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class Class1
{
    public int userInput(int user_Input)
    {
        int final_Value;
        for ( int = 1; int < = user_Input; i++)
        {
            final_Value = int * user_Input;
        }
        return final_Value;
    }
}

i want to utilize the final_value to Main Program but it gives error on debugging.. and purpose for this is to take an input from user for example say 5 and this loop multiply this value like 5 x 4 x 3 x 2 x 1 and gives us the output. which we can utilize in main program. i am beginner in c#.

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closed as not a real question by svick, Jean-François Corbett, Lazin, Aleksander Blomskøld, Sudarshan Jan 30 '13 at 8:15

It's difficult to tell what is being asked here. This question is ambiguous, vague, incomplete, overly broad, or rhetorical and cannot be reasonably answered in its current form. For help clarifying this question so that it can be reopened, visit the help center.If this question can be reworded to fit the rules in the help center, please edit the question.

4  
Care to tell us what the error is? – Daniel Kelley Jan 29 '13 at 20:33
    
What is the exception being thrown? You should wrap your loop in a try/catch to trap the error. – Brian Jan 29 '13 at 20:34
1  
int is a key... you can't use it as a variable name. – JDB Jan 29 '13 at 20:34
3  
You seem to be trying to program by copying something that you don't understand. Don't do that, learn what each part of the code means. – svick Jan 29 '13 at 20:37
    
no acctually im not trying to copy.. i was jux thinking that how it could happen that i input a value and that valuse is multiplied as i described.. and sorry on int <= user_Input there is i<=user_Input.. i hope now you understand – Rehan Manzoor Jan 29 '13 at 20:47

int is a keyword in C# and you cannot use that as a variable name. change it to something else.

for ( var i = 1; i < = user_Input; i++)
{
    final_Value = i * user_Input;
}
share|improve this answer
    
Also, < = is illegal. Should be <=. (no space) – JDB Jan 29 '13 at 20:38
    
yes you r write.. thix ix probably the typing mistake – Rehan Manzoor Jan 29 '13 at 20:47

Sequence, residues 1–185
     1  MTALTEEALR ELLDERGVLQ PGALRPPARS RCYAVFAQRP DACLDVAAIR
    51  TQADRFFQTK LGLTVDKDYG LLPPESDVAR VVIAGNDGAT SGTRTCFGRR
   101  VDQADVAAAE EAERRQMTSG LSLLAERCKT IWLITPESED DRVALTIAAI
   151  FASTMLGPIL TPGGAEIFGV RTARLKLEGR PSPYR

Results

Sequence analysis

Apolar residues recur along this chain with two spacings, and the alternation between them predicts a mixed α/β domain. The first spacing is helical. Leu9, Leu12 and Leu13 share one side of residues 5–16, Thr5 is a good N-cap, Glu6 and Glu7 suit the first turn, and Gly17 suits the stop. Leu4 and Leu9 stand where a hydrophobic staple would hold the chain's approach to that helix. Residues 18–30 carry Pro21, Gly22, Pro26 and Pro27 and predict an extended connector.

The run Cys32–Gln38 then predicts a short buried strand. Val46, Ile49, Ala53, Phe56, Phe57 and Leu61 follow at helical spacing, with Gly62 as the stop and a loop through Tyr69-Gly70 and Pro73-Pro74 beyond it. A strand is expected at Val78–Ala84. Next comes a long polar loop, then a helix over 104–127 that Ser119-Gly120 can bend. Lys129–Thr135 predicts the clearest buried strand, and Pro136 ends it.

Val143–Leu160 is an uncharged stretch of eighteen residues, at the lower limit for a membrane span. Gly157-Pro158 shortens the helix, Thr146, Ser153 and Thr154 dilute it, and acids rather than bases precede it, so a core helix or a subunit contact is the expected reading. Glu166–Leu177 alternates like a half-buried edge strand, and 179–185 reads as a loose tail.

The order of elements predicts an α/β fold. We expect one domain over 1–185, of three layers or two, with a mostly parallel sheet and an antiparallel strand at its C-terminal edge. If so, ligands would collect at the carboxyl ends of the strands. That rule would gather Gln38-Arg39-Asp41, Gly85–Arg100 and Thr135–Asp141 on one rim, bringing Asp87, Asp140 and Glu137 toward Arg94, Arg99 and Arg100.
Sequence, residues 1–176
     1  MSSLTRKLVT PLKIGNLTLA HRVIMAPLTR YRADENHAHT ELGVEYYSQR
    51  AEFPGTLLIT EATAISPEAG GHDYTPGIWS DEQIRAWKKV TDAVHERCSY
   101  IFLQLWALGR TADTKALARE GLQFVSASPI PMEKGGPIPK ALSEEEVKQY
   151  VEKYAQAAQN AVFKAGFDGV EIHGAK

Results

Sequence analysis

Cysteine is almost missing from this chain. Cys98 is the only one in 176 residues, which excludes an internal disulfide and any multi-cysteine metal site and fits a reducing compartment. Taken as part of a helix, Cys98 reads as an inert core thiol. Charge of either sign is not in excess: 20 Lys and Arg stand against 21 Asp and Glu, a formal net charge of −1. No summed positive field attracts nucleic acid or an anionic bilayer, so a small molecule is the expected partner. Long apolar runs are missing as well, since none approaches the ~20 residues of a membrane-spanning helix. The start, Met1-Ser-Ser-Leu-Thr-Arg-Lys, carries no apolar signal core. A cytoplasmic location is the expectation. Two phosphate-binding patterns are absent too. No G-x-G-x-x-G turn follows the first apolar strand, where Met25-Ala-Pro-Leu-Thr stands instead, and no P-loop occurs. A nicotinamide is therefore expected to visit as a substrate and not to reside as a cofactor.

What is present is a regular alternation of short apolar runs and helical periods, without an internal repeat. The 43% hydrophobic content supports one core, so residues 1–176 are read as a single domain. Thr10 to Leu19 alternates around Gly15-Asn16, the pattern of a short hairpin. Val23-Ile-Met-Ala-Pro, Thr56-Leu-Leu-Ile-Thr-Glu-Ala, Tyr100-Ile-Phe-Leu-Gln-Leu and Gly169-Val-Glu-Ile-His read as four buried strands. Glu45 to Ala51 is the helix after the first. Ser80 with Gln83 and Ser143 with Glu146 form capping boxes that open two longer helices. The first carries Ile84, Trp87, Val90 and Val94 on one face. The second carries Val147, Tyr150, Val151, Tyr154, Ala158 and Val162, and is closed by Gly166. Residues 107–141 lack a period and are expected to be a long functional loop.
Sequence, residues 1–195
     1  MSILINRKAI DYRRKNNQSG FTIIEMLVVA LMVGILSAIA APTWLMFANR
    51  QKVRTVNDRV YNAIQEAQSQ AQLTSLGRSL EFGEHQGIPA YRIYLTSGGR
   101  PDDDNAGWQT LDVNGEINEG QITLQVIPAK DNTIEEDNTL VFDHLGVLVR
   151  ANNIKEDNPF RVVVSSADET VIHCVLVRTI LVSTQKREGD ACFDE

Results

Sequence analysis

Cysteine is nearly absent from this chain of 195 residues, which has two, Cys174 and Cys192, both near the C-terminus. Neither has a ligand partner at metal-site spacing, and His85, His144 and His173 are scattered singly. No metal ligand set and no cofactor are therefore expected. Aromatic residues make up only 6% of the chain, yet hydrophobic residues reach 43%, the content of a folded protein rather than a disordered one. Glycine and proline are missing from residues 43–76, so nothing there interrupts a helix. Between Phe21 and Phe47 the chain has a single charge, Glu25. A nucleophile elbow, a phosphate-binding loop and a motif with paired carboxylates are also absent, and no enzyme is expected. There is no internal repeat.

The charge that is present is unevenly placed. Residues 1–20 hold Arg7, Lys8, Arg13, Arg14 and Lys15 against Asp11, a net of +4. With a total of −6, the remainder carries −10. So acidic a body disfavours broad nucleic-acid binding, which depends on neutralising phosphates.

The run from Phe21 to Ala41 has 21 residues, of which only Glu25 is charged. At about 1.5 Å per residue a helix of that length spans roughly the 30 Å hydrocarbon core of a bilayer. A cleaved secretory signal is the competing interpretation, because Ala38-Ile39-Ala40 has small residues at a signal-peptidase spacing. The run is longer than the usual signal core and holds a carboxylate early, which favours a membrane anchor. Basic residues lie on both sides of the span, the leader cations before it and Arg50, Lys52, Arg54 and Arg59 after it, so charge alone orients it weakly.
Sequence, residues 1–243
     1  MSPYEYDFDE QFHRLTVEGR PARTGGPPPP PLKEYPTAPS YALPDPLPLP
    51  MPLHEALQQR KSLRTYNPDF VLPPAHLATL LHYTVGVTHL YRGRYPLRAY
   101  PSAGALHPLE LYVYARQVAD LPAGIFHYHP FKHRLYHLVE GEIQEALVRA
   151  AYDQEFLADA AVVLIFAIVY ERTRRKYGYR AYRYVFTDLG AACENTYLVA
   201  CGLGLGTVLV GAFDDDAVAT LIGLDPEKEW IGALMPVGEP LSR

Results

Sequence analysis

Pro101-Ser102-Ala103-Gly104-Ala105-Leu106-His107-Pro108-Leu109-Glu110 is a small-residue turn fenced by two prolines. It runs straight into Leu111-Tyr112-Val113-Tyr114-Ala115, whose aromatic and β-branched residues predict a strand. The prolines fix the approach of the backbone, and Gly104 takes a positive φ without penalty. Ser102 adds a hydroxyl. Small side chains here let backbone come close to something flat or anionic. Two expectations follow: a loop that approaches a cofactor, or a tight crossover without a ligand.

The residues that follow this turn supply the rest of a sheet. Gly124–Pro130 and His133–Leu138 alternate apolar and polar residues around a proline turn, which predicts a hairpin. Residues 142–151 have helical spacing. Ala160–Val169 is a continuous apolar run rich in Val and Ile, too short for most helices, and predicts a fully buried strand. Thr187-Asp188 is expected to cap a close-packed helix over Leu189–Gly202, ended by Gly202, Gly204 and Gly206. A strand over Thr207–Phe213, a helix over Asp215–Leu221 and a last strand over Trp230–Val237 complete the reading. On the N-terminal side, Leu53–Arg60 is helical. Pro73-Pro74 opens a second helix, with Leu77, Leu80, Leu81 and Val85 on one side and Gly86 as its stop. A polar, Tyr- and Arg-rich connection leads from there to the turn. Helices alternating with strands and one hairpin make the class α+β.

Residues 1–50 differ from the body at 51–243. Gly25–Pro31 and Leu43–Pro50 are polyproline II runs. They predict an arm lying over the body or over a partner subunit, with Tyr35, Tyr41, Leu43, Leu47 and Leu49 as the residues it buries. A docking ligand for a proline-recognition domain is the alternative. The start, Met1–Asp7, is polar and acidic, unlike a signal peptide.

Your main issue with the code above is that you are using "int" where you should be using a variable. All you will have to do to get it to compile should be to convert the places you were trying to use an int to use a variable.

for(int i = 1; i <= user_Input; i++)
{
    final_Value = i * user_Input;
}

Changing to the above should compile, but now you will need to get the proper logic inside the loop. Since final_Value can only hold one integer value, every time you go through the loop, you are overwriting it instead of multiplying to the previous one.

Hopefully, that second part was enough of a hint that you will be able to figure out how to find the answer.

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Well, you've not told us what the error is, but the first one is that you'll have a compile error. You're for loop isn't constructed properly because you're missing the declaration of i, despite the fact you're trying to increment it. Try this instead:

int final_Value;
for ( int i = 1; i <= user_Input; i++)
{
    final_Value *= user_Input;
}
share|improve this answer
    
@ChrisF: Indeed... that'll teach me to copy and paste from a poorly written question! – Ian Jan 29 '13 at 20:38
    
yes thix was compilation error – Rehan Manzoor Jan 29 '13 at 20:51

You need to have a variable for the iterator

class Class1
{
    public int userInput(int user_Input)
    {
        int final_Value = 1;

        for ( int i = 1; int <= user_Input; i++)

           final_Value *= i; // equal to : final_Value = final_Value * i;


          return final_Value;

    }
}

final_Value will initially be 1 then will be multiplied by i for each increment.

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You forgot to declare a variable (int i, in this case) for your loop and initialize the final_Value variable:

public int userInput(int user_Input)
{
    int final_Value = 1;
    for (int i=1; i<=user_Input; i++)
    {
        final_Value *= i;
    }
    return final_Value;
}
share|improve this answer
    
i didnot got you.. – Rehan Manzoor Jan 29 '13 at 20:48
    
@RehanManzoor: "you didnot got me" ? – Francis P Jan 29 '13 at 20:50

Most of the other answers seem to be throwing away the value of final_value in the loop. Try:

public int userInput(int user_Input)
{
    int final_Value = 1;

    for (int i = 1; i <= user_Input; i++)
    {
        final_Value *= user_Input;
    }

    return final_value;
}
share|improve this answer
    
why we used that += sign in that – Rehan Manzoor Jan 29 '13 at 20:48
    
@RehanManzoor think about your code. Imagine you go from 5 to 1. Right at the end final_value would just be final_value * 1. You need to maintain the value of i * final_value for each loop. – Daniel Kelley Jan 29 '13 at 20:55
    
other all code is rite..??? – Rehan Manzoor Jan 29 '13 at 20:59
    
actually it gives use of unsigned variable final_Value – Rehan Manzoor Jan 29 '13 at 21:00
    
The other answers or the rest of your code? Either way it should be very simple to test. Use a small number, calculate the expected value and check your code gives you the same result. – Daniel Kelley Jan 29 '13 at 21:01

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